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Friday, July 19, 2019

Engineer and inventor of the year, Barbarita Lara: "We want to create the world's first interconnected emergency network”

The Asia-Pacific region is one of the most natural disaster-prone areas in the world, because 70% of disasters, including earthquakes, tsunamis, tropical cyclones and volcanic eruptions, occur in this vast territory.

The world’s largest earthquakes have occurred in APEC member economies, such as Chile, Indonesia, the United States, Japan, Peru, China, Mexico and the Philippines. That is why the Forum, through the Emergency Preparedness Working Group (EPWG), will address this issue during the SOM3 meetings to be held in August in Puerto Varas.

This concern, however, is not only shared by APEC or public or private organizations, but also by citizens, such as computer engineer Barbarita Lara (33). Through her emergency information system application SiE, she has been able to help the population affected by natural disasters to communicate even when mobile phones have no Internet connection, reception or even a SIM card.

In this interview Barbarita Lara tells us about her passion for engineering, the creation of SiE and about her next steps in the field of technology where, as she explains, it is uncommon for a woman to speak as an expert or an inventor. 

(Q) Where did the idea for the Emergency Information System come from?

On February 27, 2010 there was an earthquake with a magnitude of 8.8 in Chile. Before it happened, I had a gut feeling that there was going to be an earthquake, but my husband didn't believe me. So, I went to spend the night at my parents' house with my four-year-old son. That night we went to bed very late, at 3:30 in the morning. Four minutes later the earthquake began. My first impulse was to pick up the phone and tell my husband "I told you so", but it was impossible because after such disasters cellular antennas usually collapse and there is no internet or working mobile networks. 

This catastrophic event made Barbarita realize that even in 2010, there were no technologies or methods available to inform the general population after a natural disaster.

Five years after the earthquake happened, the university began to create the SiE (Emergency Information System) application, which allows people who have been affected by a disaster to communicate even when their mobile phones lack an Internet connection, reception or even a SIM card.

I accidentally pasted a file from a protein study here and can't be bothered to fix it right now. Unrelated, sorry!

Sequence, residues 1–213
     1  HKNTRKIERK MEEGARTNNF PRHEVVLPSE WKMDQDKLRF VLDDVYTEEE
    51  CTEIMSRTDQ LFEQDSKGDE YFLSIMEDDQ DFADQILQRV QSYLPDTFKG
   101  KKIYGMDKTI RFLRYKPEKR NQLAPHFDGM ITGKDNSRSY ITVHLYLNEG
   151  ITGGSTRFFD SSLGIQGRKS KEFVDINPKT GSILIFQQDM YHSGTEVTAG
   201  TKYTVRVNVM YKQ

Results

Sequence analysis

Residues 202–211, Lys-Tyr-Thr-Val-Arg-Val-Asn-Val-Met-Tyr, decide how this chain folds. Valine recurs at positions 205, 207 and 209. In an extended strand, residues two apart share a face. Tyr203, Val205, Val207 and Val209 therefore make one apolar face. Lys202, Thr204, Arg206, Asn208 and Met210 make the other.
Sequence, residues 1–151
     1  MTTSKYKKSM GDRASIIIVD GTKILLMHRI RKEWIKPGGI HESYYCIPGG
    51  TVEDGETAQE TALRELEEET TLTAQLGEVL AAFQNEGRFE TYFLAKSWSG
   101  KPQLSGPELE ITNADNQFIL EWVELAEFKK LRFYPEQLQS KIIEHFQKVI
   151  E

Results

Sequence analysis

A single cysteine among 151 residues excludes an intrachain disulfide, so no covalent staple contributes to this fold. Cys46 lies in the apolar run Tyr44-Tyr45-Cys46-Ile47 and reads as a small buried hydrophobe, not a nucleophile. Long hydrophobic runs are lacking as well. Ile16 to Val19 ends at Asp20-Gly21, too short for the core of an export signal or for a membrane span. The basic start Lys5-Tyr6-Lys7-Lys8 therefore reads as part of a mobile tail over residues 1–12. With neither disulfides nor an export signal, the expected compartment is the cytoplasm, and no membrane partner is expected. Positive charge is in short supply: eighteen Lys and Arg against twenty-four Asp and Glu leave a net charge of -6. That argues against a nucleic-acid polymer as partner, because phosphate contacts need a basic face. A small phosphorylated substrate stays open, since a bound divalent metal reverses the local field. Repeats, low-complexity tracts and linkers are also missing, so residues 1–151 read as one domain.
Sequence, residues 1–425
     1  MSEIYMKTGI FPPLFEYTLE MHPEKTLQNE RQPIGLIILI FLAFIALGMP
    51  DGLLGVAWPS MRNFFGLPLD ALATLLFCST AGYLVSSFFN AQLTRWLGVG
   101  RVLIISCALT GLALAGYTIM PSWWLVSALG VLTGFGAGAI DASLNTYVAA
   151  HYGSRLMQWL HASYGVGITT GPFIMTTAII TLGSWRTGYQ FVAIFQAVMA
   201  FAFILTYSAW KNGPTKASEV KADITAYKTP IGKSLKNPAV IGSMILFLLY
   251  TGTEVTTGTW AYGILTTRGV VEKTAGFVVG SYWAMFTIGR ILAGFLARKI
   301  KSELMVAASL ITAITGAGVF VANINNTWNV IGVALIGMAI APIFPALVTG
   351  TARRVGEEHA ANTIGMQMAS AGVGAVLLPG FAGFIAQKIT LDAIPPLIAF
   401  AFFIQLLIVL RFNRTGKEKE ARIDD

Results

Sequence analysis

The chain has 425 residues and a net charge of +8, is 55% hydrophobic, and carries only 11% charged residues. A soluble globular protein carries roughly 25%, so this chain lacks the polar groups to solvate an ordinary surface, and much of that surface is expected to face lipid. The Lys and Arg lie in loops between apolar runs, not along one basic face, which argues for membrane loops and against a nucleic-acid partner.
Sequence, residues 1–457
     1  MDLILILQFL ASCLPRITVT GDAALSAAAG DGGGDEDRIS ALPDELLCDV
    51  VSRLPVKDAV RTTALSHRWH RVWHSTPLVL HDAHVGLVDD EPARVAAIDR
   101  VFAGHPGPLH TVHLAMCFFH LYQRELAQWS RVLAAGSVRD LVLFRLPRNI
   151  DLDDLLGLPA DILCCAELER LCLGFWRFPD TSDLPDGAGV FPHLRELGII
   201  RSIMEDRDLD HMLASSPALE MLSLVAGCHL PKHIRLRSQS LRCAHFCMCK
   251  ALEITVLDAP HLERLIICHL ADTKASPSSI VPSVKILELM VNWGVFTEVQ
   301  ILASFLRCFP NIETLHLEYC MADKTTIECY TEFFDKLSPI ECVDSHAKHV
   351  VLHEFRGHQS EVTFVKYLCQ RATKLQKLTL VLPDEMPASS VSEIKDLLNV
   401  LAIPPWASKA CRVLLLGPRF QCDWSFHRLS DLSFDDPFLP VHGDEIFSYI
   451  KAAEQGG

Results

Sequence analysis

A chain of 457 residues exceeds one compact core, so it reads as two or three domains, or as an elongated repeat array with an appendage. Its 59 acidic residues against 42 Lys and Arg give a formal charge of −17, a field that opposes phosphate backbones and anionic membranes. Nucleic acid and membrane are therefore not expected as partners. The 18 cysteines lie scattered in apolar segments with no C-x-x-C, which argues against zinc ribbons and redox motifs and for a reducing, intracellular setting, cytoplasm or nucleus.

“In technical terms, what we do is reuse the radio infrastructure to send encrypted messages and decode them on our cell phones, so that we can receive post-disaster information in a timely manner,” says Barbarita. 

 (Q) Can you tell us about the development of this project?

At first many people didn't believe in us and support was hard to come by. We were sponsored by Corfo (Chile’s Economic Development Agency) and then the National Commission for Scientific and Technological Research (CONICYT) through my thesis, but there was always a looming doubt as to whether this would work out in the end. We continued with our work and eventually got support from the Royal Academy of Engineering in the UK (RAEng) to become world-class entrepreneurs and innovators. Later, we received private investment to patent the app, and SiE became the invention of the year.  

(Q) So, what's the next big step?

We were chosen by Bill Gates as one of the ten low-tech inventions that are changing the world. We are considered one of the five most socially impactful digital solutions on the planet. For me, the next big step is to prove to other people that they can achieve this, too. If I can plant that tiny seed in people's head to help them create more technology, that’s what the big step will look like: transforming Chile into a technological development hub and showing that we can effectively help the world's population from our remote place at the end of the world.

(Q) You are the first Chilean to be listed on the MIT’s worldwide list of innovators under 35. How has this affected the project and your life?

My life has been turned around completely. I have spent a year traveling around the world showcasing this technology. I feel very proud to represent Chile in the field of global innovation and to prove that, even in this far corner of the world, we can create meaningful technology with a strong social purpose that can help so many. It also inspires me deeply to have the ability to inspire others, letting students know that dreams do come true, that even though there may be little support at first, even if life isn't perfect, the possibilities are there. Nothing is impossible; it is up to us to make impossible things happen.


Thanks to her remarkable project, Barbarita won the "best Chilean Innovator" category in the Natida Chilean of the Year awards. She was also included in the Massachusetts Institute of Technology's (MIT) worldwide list of innovators under 35 who are creating the devices of tomorrow.

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